Snowblower engine do not have air filters. Moisture around the hot engine would freeze up on the air filter element, choking off the engine. Also, there is no need for a filter, as you don't have the dust or dirt in the snow.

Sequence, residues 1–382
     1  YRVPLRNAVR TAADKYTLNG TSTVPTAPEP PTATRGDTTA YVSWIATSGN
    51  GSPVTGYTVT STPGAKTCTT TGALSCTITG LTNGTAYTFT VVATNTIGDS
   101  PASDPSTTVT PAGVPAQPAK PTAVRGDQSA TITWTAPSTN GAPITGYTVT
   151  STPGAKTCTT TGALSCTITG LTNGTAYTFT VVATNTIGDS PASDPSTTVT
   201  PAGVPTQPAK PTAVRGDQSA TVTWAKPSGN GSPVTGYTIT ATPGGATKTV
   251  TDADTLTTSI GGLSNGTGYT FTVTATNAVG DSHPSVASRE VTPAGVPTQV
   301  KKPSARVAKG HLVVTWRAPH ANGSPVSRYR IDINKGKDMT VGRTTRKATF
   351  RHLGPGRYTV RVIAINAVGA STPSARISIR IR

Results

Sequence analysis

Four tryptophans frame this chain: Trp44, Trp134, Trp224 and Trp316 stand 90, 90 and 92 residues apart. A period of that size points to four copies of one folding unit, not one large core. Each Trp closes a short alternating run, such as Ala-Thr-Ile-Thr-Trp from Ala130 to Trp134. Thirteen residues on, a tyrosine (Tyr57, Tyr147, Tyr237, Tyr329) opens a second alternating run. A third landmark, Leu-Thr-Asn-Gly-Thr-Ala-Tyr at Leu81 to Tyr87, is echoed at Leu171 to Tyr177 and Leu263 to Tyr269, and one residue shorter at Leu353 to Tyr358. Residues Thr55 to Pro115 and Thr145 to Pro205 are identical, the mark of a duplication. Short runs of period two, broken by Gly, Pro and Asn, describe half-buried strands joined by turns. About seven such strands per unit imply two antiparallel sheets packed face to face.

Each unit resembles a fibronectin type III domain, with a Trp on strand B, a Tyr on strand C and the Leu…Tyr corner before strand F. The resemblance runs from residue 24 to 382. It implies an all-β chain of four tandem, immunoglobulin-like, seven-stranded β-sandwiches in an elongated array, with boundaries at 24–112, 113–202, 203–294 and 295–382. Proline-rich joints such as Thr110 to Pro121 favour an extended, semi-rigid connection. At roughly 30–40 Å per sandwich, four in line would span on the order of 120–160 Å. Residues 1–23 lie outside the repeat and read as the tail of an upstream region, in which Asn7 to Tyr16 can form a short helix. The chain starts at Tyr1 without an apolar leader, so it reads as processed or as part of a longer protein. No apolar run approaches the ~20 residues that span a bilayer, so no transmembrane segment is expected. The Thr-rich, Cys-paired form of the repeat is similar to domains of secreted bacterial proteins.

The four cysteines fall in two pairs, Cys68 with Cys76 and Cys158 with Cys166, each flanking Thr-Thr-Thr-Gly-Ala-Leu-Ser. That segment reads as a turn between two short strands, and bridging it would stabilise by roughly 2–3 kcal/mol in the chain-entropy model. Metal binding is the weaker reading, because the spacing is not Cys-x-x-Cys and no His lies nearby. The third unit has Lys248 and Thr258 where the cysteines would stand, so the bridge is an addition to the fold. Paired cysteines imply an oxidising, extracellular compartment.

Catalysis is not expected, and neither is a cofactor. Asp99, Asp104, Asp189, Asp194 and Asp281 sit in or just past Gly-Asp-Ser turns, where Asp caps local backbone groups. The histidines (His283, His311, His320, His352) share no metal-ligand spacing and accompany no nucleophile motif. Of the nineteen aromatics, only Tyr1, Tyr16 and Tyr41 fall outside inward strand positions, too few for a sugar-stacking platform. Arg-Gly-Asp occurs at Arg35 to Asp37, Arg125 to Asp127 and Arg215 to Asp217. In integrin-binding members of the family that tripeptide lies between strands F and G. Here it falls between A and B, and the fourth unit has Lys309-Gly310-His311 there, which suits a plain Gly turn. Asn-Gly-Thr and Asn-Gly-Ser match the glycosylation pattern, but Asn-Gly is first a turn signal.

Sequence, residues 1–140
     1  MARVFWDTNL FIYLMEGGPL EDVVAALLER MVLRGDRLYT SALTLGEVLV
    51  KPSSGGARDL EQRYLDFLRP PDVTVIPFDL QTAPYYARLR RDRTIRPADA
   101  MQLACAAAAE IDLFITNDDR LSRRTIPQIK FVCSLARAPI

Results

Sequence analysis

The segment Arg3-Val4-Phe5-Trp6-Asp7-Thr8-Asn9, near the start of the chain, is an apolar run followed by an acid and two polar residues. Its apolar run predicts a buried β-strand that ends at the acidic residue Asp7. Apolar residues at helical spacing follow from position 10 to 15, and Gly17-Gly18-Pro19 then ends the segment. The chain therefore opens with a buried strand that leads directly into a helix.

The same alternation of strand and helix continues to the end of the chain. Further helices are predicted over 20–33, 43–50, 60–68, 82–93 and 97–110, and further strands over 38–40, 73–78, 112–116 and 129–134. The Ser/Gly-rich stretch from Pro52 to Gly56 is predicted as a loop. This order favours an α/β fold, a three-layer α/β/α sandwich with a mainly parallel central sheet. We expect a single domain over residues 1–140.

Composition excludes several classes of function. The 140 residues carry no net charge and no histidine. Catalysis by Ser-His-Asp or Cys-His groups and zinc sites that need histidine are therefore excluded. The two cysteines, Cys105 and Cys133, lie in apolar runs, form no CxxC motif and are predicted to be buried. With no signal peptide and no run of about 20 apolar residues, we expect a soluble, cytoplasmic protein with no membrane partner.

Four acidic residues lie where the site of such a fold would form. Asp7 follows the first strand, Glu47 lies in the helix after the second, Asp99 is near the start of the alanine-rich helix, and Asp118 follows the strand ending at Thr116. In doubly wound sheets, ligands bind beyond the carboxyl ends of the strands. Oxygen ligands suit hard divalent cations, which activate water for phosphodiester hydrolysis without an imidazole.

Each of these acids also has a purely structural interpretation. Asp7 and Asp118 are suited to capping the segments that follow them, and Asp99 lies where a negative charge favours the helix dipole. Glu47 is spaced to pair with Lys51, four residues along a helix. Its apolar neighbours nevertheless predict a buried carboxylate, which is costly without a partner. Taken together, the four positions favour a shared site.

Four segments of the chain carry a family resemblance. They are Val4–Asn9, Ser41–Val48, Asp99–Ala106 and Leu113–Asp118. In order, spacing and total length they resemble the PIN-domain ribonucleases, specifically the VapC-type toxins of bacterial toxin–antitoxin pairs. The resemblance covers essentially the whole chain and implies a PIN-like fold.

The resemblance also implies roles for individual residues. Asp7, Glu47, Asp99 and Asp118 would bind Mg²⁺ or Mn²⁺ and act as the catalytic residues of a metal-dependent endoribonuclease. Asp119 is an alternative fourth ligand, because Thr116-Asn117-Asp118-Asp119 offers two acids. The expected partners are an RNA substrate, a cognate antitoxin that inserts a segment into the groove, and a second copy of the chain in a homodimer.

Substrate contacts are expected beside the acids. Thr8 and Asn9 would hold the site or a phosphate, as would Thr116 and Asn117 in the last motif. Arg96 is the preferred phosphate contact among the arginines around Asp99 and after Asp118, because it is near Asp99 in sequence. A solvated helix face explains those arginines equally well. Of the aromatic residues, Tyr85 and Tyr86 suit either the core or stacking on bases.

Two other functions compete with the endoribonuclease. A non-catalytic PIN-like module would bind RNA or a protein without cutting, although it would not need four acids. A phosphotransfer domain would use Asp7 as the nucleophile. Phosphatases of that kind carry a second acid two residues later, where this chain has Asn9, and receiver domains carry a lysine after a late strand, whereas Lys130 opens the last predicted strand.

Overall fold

Lots of engines run fine without a hot box in snow conditions. Lawn tractors with a snowblower mounted on front works fine with a air filter on the engine. The hood is acting as somewhat of a hot box to keep the carb and the linkage warm but snow still gets in there. The engine can take the snow blowing into it on a conventional snowblower, it will miss and slow down at times and need a breath of clean air sometimes but most of the time recovers and keeps going. Snow Kings were famous for connecting rod break even when full of oil because of the hot box working to well at times. The owner in a big hurry shut it down and did not clean it off and let it run for several minutes. When he returned hours later and started it the engine over revved due to linkage frozen in place or butterfly frozen in place and the engine was history. Some guys also used to take the box off because the engine ran smoother and was easier to reach the throttle linkage to pull a string and run the engine faster under heavy loads to blow snow faster and better. The linkage would freeze in place and when the string was released the throttle did not spring back, the engine over revved and once again it was history. The air filter thing not being on a snowblower is a mixed blessing. The engines are still ingesting dirty air as one can see from filthy snow the day after a storm. My dark blue truck will be grayish in only a few days from nasty dirt on it from the air after a snowstorm. But they do just keep on running in the worst of conditions. I have many times had to stop and clean my face of ice but the Snow King just kept on going.